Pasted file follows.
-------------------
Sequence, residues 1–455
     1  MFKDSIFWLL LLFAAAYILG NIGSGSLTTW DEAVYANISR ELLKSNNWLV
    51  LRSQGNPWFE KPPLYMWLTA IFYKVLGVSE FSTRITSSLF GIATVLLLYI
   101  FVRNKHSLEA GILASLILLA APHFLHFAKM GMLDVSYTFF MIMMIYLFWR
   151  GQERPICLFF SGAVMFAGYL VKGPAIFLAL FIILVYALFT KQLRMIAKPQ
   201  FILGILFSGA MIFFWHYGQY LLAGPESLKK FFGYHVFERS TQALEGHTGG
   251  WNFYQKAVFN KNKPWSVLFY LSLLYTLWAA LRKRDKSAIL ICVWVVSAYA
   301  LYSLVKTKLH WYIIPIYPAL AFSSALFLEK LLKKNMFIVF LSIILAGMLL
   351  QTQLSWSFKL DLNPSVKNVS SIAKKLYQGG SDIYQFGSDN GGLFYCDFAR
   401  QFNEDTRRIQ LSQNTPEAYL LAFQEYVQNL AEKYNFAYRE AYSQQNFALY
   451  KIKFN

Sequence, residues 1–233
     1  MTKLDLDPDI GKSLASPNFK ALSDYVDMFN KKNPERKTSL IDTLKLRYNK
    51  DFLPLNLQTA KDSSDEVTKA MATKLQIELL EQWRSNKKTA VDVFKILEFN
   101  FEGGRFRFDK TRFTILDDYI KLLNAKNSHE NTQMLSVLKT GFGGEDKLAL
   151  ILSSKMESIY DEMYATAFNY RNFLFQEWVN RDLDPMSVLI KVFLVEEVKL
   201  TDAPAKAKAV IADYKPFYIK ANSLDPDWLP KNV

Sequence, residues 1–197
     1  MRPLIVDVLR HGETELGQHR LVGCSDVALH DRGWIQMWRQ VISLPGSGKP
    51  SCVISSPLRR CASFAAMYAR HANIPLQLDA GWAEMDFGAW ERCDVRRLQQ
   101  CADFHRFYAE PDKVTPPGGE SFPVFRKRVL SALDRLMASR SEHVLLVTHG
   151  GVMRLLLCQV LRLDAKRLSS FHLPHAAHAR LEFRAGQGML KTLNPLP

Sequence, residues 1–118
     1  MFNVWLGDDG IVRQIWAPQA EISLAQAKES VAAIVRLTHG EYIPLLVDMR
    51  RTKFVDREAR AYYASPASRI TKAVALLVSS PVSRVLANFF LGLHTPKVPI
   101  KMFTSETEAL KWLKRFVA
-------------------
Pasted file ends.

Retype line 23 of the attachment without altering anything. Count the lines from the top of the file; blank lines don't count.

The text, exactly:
Sequence, residues 1–118